11. I’m more concerned about places like Memphis using drones:

    http://www.commercialappeal.co…..ny-drones/

    Land of the free and home of the brave?

    Yeah, right….we’re a real freedom loving bunch.

  12. I think that if President Obama wins in November of 2012, he must be impeached as soon as possible thereafter, but I have little faith in the Congress to do this, and so I hope that the electorate and the electoral college will do the job that Congress is too craven and corrupt to do. I was for impeaching Mr. Bush on the same grounds, but Mr. Obama has elevated his constitutional transgressions to a whole new level of egregiousness.

    I am also worried for my country, when I remember that we are dealing with eye-for-an-eye moralists in the middle-east. Especially now that Iran has one of our drones, what is to keep them or any of the many groups with a grudge against us, from making their own drone fleet and sending them our way to take out, for example, the Oval and anyone in it? Or from realizing OBL’s dream of exploding Air Force One en route? And if any of this ever came to pass, how would we ever know who was responsible?

    More than ever before, I think that the US must adopt a non-interventionist foreign policy. Going forward, it is critically important that the nation conduct itself in a way that will not inspire blow-back.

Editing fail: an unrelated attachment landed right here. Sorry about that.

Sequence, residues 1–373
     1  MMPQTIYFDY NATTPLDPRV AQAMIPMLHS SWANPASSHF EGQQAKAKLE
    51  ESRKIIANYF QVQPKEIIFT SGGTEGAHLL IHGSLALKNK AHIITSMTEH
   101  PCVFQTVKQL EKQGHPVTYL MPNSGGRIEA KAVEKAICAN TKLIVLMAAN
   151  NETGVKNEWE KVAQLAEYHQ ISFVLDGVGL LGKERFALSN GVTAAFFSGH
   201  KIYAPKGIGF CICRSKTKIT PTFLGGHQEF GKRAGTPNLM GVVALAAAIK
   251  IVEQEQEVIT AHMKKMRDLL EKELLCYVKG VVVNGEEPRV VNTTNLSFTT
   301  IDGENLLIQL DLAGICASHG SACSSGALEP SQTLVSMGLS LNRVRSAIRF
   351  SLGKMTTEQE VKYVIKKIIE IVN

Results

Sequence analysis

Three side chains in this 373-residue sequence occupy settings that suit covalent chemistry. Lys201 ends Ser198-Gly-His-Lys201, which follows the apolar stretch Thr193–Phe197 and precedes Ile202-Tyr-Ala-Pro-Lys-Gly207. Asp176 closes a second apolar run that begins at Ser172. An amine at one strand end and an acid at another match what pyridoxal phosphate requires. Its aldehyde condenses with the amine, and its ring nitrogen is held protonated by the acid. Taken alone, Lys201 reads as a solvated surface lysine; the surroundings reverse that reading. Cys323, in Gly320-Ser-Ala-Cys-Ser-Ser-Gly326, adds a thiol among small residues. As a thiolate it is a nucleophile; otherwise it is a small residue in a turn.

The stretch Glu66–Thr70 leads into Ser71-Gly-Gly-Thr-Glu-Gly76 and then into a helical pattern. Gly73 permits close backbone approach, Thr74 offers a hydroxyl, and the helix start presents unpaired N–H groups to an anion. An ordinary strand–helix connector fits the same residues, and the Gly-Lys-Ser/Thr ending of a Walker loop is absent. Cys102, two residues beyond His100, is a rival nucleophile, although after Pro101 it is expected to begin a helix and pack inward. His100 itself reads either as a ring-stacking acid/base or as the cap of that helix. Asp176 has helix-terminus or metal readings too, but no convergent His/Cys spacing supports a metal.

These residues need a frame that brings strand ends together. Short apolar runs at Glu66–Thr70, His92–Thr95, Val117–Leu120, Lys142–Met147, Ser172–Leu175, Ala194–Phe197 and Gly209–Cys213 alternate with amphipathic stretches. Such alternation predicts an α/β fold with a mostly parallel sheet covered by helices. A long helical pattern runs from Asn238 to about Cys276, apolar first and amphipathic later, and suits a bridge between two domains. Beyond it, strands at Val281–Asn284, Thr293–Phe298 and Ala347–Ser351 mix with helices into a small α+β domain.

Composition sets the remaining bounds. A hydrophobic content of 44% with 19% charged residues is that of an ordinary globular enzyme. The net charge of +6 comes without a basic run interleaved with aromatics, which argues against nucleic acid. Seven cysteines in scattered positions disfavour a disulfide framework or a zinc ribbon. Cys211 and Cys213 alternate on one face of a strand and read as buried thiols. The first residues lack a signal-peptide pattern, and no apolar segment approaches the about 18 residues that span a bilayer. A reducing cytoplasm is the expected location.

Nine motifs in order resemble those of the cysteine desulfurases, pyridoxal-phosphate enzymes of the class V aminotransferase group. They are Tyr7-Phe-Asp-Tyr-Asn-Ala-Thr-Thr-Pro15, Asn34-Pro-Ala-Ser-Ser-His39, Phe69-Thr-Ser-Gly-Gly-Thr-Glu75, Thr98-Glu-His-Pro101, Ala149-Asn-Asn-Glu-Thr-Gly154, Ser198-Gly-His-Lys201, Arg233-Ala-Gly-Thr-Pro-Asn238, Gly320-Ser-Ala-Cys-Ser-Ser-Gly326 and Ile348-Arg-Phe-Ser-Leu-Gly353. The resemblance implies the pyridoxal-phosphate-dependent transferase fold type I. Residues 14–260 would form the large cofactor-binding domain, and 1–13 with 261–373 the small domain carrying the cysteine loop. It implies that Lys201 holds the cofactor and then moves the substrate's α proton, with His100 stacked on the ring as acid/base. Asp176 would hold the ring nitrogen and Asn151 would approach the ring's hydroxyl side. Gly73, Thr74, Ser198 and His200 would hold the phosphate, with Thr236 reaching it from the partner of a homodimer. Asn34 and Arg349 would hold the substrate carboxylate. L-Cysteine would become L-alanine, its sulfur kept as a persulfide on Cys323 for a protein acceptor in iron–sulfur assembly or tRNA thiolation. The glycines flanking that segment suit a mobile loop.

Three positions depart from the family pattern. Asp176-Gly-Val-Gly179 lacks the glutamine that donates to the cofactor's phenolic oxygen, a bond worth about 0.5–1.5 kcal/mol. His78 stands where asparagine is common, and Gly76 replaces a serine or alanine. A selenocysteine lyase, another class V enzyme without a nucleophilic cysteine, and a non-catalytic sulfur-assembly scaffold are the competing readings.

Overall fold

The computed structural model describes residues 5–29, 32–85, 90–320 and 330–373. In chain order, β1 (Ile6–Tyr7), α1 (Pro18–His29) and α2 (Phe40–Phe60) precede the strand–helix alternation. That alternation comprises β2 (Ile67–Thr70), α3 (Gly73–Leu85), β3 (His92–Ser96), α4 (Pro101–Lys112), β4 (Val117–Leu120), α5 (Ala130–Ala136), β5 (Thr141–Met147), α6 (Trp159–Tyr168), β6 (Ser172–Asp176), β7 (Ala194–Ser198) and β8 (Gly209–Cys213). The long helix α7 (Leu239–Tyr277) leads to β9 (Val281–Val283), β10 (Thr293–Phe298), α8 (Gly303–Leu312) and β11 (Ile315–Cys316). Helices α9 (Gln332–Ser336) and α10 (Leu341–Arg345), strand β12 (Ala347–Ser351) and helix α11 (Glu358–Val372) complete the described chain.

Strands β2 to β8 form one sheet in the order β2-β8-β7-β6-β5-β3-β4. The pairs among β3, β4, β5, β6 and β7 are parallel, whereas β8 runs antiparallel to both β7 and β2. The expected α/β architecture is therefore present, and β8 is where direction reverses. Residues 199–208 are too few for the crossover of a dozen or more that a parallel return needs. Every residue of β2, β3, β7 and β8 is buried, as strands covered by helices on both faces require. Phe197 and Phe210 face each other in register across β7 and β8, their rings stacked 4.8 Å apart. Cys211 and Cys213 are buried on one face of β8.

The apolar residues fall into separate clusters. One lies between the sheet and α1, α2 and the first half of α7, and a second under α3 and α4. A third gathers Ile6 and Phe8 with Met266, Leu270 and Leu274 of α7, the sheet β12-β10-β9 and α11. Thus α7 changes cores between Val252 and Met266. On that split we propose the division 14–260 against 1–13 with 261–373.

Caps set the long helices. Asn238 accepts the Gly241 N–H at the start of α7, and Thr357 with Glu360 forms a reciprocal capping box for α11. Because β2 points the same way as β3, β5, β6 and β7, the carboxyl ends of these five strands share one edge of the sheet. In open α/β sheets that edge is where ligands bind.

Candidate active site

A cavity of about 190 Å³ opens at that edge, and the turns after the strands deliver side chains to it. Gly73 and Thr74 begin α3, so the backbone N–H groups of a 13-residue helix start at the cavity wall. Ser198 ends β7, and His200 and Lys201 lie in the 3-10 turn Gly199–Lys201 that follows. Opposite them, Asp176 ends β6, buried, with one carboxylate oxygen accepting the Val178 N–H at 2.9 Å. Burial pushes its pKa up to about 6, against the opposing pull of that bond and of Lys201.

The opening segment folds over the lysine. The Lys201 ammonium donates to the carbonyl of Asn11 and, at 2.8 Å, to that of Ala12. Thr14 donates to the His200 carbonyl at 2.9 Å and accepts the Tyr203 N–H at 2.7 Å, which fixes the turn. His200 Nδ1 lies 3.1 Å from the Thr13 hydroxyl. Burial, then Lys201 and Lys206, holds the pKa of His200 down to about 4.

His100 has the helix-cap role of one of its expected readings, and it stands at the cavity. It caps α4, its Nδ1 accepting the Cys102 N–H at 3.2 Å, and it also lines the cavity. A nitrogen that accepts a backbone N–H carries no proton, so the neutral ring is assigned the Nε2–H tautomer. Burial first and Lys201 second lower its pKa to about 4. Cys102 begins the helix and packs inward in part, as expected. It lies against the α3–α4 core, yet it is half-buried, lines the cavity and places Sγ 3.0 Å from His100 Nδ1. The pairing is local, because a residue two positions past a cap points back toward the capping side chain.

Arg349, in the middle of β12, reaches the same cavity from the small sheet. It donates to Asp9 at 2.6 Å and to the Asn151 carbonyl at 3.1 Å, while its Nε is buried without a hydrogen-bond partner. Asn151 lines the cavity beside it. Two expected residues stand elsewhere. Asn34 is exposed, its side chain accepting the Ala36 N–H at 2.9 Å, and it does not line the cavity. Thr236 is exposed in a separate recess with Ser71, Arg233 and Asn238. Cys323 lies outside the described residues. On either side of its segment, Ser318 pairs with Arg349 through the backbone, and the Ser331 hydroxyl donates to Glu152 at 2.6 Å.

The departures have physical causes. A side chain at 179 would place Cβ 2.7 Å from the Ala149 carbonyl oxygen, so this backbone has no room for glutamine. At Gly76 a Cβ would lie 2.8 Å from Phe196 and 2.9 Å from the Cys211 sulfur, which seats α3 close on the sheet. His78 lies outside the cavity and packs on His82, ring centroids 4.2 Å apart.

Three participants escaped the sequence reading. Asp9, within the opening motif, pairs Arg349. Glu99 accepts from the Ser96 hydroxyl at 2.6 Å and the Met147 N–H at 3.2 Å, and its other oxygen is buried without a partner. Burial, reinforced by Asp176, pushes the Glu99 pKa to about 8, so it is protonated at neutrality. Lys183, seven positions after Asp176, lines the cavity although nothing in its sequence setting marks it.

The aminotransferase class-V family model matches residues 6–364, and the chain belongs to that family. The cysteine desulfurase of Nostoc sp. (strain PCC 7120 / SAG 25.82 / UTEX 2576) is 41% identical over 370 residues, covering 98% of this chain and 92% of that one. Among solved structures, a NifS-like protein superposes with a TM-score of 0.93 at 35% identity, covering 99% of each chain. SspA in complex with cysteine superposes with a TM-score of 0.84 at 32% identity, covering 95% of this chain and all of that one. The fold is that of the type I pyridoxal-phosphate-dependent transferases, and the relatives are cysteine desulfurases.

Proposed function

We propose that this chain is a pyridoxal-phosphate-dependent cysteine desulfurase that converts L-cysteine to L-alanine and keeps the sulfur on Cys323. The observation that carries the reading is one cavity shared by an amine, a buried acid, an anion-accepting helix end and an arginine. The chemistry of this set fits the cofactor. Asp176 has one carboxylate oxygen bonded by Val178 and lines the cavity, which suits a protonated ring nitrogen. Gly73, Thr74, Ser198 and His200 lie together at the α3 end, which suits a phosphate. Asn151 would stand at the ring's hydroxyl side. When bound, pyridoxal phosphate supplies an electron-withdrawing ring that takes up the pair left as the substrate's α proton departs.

13. The other thing that we must do, which Congress seems too craven and corrupt to do, is repeal the AUMF. The parade of constitutional travesties in recent years are all almost invariably traceable back to that source.

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  15. There are so much tensions between the pakistan and america in this matter, there is lots of pressure on the pakistan government by the public to stop america drone attacks but the barack obama made it private war.

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  18. When did Mr. Obama become a Republican?